We arrived early, unsure what to expect from this first book store event of the two week promotional tour. The Bookstore at Fitger’s had a table setup for us in the hallway outside the store entrance. More than a dozen copies of Mesabi Pioneers were neatly spread across the table and a small sign declared that we would be signing copies of the book from noon until two PM. Amanda and Linda helped us set up a few chairs, asked us if we needed anything, and then left us to it.
Now what, we thought.
Fitger’s was not very crowded this early and only a few people passed by our table. Soon, a woman briskly walked past. She worked in a kitchen supply store elsewhere in the mall and I had asked her when I arrived to point me in the direction of the bookstore. Now she saw I was sitting out front and turned back after having passed the table. “Is this your book?” she asked.
Yes, I said.
We chatted briefly about the book, and then she put it down and said she might be back. I realized as we talked that this event was not about selling books per se, but about getting the word out about the book. All of these events, in fact, will be about telling people about the book. Our presence at a book store gives a face to the book. Like me, most people love meeting the authors of the books they read. Even if it’s a book they’ve never heard of. When she left the table without a book, I took it as a success. She had at least picked it up, read the back, and now hopefully she would remember. Even if she didn’t buy one today.
Then something extraordinary happened. Moments later she returned, wallet in hand, grabbed a copy of the book—the very one she had been holding previously—paid for it in the store and brought it out for me to sign. “Do you want me to inscribe anyone’s name?” I asked. She shook her head. “I might give it as a gift after I read it,” she said. Can an author ask for anything more thrilling than to have his book given as a gift? At that moment, it seemed nothing could be more exciting.
Cheryl was not feeling well and she decided to go back to the hotel for some rest. We will need her refreshed tomorrow for the book launch party in Virginia. So then it was just me. I smiled politely whenever someone passed the table. I took out my notebook and wrote. I signed a second copy of the book, this time for an English professor at UMD. As he was walking away I looked up to see a woman approach with a tripod on her shoulder. She came up to the table and began setting up a video camera. “I’m with WDIO,” she told me. “I’m here to do a quick interview for tonight’s broadcast.”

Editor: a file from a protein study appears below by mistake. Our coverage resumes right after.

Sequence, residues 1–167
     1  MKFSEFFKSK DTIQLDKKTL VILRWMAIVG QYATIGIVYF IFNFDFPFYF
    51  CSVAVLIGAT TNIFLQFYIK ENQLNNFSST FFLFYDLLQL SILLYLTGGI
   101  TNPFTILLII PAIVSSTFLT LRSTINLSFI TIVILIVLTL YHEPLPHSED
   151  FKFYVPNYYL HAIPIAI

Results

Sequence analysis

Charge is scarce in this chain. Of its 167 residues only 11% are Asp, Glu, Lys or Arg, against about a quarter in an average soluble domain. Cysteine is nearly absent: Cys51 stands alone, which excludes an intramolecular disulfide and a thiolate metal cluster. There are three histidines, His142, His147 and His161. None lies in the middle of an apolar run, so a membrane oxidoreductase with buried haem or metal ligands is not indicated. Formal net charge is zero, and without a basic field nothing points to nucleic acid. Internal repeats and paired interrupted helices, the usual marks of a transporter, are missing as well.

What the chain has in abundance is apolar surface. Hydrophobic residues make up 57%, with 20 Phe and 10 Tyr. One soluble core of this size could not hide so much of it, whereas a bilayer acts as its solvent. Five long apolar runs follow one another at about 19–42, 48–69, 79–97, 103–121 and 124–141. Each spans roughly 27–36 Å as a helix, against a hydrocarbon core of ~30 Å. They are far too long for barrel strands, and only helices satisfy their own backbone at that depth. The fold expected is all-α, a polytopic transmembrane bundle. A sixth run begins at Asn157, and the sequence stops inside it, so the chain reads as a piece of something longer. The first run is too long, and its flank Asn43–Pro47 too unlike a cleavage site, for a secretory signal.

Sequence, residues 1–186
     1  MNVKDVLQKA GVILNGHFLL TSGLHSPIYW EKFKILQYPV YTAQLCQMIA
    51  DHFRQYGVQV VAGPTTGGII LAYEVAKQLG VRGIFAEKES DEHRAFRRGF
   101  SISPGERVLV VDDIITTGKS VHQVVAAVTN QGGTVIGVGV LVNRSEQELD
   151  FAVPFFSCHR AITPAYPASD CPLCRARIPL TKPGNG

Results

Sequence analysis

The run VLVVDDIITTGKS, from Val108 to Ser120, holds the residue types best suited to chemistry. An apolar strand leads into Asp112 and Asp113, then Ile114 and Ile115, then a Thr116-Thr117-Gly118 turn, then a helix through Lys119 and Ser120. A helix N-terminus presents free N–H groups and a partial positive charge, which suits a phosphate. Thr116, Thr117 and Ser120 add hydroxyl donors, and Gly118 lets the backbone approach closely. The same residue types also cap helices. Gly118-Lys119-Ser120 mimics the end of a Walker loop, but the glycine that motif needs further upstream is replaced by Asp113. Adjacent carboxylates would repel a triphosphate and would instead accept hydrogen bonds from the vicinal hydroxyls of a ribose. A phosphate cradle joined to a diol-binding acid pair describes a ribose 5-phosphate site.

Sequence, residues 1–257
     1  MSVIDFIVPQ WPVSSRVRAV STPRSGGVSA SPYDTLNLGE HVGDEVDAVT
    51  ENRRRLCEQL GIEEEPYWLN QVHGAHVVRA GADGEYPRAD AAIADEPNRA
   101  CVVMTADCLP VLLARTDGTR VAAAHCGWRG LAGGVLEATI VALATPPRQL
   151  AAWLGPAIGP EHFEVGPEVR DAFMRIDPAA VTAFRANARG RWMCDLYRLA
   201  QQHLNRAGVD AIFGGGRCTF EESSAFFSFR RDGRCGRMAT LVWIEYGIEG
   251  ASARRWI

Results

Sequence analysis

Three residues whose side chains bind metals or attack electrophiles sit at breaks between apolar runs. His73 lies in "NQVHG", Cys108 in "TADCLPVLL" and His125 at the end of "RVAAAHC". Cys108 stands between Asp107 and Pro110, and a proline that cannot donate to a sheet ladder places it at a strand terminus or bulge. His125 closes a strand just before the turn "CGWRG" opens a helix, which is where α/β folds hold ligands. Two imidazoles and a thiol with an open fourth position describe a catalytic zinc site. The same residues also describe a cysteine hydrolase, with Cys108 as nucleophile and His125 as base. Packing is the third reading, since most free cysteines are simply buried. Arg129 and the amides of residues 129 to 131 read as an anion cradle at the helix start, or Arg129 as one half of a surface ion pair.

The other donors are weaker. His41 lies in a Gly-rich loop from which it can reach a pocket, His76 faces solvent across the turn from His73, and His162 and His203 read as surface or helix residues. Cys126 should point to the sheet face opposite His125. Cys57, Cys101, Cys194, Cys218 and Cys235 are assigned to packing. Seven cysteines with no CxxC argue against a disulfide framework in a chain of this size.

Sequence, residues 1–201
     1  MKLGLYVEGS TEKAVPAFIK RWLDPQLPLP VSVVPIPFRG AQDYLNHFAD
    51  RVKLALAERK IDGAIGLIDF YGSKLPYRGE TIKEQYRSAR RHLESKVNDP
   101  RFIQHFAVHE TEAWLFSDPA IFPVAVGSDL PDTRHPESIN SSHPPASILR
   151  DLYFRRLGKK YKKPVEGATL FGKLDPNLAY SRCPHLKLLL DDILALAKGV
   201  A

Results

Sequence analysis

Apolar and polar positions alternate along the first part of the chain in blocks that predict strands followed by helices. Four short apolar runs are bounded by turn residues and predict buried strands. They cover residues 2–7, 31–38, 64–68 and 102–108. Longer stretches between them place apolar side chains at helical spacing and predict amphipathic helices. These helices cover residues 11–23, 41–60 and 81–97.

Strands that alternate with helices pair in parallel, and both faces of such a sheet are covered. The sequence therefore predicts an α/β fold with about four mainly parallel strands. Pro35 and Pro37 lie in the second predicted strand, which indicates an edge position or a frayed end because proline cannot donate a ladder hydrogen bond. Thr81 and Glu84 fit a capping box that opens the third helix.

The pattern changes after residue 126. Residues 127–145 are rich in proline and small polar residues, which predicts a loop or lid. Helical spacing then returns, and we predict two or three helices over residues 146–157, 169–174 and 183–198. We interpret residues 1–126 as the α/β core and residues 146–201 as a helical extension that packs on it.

“I’m glad I cleaned myself up for this event,” I told her, laughing.
We talked while she took footage, and then she clipped a microphone on me and interviewed me for a few minutes. I think it went well. I was surprised how calm I was on the outside while on the inside I was doing flips. Trying to stay composed. I spoke of the book, of the story behind the book and of the book itself. “This is a book not just for Minnesota,” I said, “though it is a book about Minnesota. But it is also a book about America, for without the iron ore that these men dug out of the ground, without the iron ore that they found, America would not have become the industrial leader it became in the 20th century.”
We chatted for a few more minutes about running. She had not heard of the Wild Duluth Races and I told her I hoped to see her there. Then we shook hands and as she turned to leave a man approached, camera bag over his shoulder, tripod under his arm. The two competitors chatted briefly and then he introduced himself to me. He was from KBJR, the NBC affiliate in Duluth where I’ll be interviewed tomorrow morning for the morning show. And he, too, took footage and interviewed me about the book and about the story behind the book. In the middle of this interview, someone else came to get a copy of the book signed, and the reporter was thrilled to get an action shot. Soon enough the interview was over and he, too, was gone.
It was after two then, and I stood up to stretch my legs. Linda asked me to sign some extra copies of the book for the store’s shelves, and when I told her about the two interviews, and the morning show tomorrow, she got excited. “We’ll have to make sure to prominently display these tomorrow then,” she said.
All in all, the first event was a success. Tomorrow we have the official book launch, and then five book store events in four days. Then we have the Book Fest in the Minnesota Fair Grounds on Saturday.